People: Olympic Flame to pass through these streets in Weymouth and Portland!


Olympic Flame to pass through these streets in Weymouth and Portland!

By SailGirl | Monday, March 19, 2012, 21:00

Today the Olympic torch relay route has been confirmed.

The Torchbearer street route for Thursday 12 July starts at Salisbury Cathedral and finishes at Weymouth Beach, going through Portesham, Chickerell, Wyke and on to the Weymouth and Portland National Sailing Academy. At around 6.50pm the Olympic Torch will be transferred to a Cornish pilot gig rowed by Weymouth Rowing Club who will row it to Weymouth Beach in time for the evening celebrations!


The torchbearer street route for Friday 13 July starts at 7.05am at Portland Bill and continues through Southwell, Weston, Easton, Fortuneswell,  and on to Weymouth, passing via Buxton Road, Rodwell Road, Rodwell Ave, Spring Road, Cove Street, Cove Rowe, Trinity Road, North Quay to Newstead Road, Westwey Rd, then on to Preston, Osmington, through Winfrith, Wool, Wareham, Corfe, Swanage and through the rest of East Dorset to Bournemouth Beach Front!


Wendy Morrell from Broadstone in Dorset has been chosen by Lloyds TSB to be part of the Olympic Torch Relay, and as ever Dogs for the Disabled assistance dog Udo will be by her side.

Wendy and Udo, a Golden Retriever, will carry the Olympic torch on Friday 13 July between Portland and Bournemouth in the torch relay preceding the opening ceremony of the London 2012 Olympic Games.


In her teenage years Wendy was diagnosed with complex regional pain syndrome (CRPS) – a chronic pain condition that can affect any area of the body. Then following a knee operation she was diagnosed with Algodystrophy, a condition that affects the growth of bone and cartilage.

Despite using a wheelchair to get around, Wendy was not deterred from leading a full and active life. As well as teaching, Wendy learned to fly and to compete at national level in archery. In 1989 when training with the national archery squad with a view to competing at the Barcelona Paralympic Games, Wendy was hit accidently in the head by a discus, resulting in a brain injury.

Wendy explains; “Following 11 months rehabilitation I remember thinking, what now? My ability to concentrate was diminished, my short-term memory affected and epilepsy triggered as a result of the injury.”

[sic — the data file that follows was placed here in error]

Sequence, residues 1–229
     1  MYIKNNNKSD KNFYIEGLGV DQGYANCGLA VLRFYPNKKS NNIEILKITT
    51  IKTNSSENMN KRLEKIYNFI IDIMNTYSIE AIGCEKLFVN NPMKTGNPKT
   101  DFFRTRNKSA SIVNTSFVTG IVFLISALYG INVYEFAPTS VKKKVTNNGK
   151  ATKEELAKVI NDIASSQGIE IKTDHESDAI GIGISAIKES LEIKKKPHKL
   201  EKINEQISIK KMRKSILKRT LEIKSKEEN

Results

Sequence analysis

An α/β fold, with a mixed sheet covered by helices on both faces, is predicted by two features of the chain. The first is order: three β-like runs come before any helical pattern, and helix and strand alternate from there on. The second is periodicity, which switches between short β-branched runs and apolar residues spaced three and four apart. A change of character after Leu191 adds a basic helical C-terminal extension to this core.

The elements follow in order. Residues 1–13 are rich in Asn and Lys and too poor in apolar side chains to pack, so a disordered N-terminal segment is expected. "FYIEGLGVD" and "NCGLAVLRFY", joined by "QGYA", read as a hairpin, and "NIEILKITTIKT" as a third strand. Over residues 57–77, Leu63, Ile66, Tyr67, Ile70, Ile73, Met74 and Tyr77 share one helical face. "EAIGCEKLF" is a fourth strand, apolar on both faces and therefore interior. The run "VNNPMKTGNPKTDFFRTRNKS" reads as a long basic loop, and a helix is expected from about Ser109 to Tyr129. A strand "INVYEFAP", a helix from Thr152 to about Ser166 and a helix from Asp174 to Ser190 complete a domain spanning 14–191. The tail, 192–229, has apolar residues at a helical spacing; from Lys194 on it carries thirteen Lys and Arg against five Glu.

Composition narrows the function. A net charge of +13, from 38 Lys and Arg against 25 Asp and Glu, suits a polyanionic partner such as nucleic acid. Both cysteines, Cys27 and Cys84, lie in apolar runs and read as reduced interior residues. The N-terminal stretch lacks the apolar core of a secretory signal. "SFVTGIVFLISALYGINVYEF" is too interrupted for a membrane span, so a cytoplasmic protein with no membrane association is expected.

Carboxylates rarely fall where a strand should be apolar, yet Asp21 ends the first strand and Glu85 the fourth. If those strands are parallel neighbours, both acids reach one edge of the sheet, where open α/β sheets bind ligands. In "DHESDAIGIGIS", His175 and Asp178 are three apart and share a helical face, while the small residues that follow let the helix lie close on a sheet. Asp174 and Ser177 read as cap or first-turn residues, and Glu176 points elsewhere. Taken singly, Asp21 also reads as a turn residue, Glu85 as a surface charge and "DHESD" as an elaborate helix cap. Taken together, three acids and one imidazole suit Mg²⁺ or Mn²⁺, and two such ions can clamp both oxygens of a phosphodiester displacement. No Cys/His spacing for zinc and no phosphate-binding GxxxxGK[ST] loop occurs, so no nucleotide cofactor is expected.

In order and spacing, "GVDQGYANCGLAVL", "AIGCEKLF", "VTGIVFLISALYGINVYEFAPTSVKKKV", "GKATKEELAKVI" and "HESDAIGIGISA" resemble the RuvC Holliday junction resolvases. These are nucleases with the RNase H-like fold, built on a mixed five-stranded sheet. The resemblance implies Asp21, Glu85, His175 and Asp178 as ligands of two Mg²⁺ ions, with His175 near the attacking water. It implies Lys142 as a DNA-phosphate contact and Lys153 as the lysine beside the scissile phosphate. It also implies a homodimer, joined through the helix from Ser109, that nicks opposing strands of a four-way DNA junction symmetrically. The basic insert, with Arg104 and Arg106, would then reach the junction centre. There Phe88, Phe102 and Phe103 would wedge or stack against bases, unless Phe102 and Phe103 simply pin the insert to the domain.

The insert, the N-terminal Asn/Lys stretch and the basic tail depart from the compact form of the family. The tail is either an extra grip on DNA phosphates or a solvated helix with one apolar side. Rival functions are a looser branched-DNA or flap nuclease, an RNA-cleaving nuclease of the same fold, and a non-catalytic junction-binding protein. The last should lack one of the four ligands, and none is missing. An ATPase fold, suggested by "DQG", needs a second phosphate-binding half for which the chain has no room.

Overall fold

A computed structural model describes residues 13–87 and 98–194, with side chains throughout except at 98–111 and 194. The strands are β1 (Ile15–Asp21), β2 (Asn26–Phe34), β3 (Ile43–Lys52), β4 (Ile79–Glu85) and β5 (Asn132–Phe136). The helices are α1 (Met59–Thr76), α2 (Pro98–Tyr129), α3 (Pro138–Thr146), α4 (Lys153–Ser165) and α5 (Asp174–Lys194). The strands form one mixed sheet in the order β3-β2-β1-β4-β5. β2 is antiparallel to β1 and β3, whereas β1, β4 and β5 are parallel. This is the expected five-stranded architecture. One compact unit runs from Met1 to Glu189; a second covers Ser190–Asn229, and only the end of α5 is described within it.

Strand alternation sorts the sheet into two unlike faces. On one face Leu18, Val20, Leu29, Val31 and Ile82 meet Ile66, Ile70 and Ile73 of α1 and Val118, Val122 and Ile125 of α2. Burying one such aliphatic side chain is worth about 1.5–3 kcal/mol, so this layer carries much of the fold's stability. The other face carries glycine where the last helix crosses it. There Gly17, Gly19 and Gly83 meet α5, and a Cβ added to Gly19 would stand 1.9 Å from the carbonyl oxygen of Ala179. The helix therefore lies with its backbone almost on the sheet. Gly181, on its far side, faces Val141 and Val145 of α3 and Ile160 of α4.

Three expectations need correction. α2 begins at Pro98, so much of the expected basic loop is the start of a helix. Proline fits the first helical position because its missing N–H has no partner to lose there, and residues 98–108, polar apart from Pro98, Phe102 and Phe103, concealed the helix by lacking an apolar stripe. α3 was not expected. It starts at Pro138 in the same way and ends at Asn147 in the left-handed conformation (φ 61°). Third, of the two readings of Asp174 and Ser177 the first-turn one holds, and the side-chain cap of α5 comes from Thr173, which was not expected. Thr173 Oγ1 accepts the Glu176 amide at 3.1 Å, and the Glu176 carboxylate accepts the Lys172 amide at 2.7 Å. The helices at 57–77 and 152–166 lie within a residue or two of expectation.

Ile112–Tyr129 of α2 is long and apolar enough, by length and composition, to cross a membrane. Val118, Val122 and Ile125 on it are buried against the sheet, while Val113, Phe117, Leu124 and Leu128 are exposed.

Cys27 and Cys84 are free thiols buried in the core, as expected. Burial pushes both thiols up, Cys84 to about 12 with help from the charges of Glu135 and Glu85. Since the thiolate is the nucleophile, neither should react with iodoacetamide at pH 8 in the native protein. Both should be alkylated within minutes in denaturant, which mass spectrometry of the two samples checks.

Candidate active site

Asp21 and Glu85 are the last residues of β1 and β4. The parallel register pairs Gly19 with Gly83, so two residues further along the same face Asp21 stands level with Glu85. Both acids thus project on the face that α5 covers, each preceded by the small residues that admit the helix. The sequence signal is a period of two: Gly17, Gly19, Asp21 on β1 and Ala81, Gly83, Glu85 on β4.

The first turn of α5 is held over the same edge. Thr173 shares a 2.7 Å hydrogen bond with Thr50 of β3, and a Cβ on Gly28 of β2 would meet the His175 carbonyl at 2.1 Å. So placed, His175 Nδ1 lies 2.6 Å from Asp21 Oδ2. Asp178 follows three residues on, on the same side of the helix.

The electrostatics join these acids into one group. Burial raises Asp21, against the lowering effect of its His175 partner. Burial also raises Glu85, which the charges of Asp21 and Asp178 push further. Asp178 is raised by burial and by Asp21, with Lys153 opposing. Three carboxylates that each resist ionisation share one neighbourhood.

But thanks to Dogs for the Disabled Wendy has gone on to live a full and independent life. Before qualifying with Udo two years ago she was partnered with Caesar, her first Dogs for the Disabled assistance dog, a partnership that was sadly to be short lived as Caesar died tragically of cancer. “Both Caesar and now Udo have made a massive difference to my life and thanks to Dogs for the Disabled assistance dogs I have been able to live a full and independent life, something I never imagined I’d regain when I sustained my injury.”

Wendy was fortunate enough to carry the torch in the build up to the Beijing Olympic Games in 2008 and is very excited to do it again for London 2012. “I’m honoured to carry the torch for a second time and represent Dogs for the Disabled assistance dog owners. Just as Caesar passed on the responsibility of helping me regain my confidence and independence to Udo, I will pass on the Olympic torch, helping to complete its journey to London. It gives me tremendous pride to be involved in what should be a great event.”

In addition to being involved in the torch relays, Wendy has advised LOCOG (theLondon Organising Committee of the Olympic Games) since 2007 on disability related issues, in particular access. Both Wendy and Udo travel across the world to speak at conferences and help improve the lives of people with disabilities and impairments.

Dogs for the Disabled is a pioneering charity that trains assistance dogs for adults and children with physical disabilities and families with a child with autism. Since its inception in 1988 the charity has created over 575 life-changing partnerships and it relies entirely on public donations to continue its work.



Click here for the original article online.




Leave a Reply

Fill in your details below or click an icon to log in: Logo

You are commenting using your account. Log Out /  Change )

Google+ photo

You are commenting using your Google+ account. Log Out /  Change )

Twitter picture

You are commenting using your Twitter account. Log Out /  Change )

Facebook photo

You are commenting using your Facebook account. Log Out /  Change )


Connecting to %s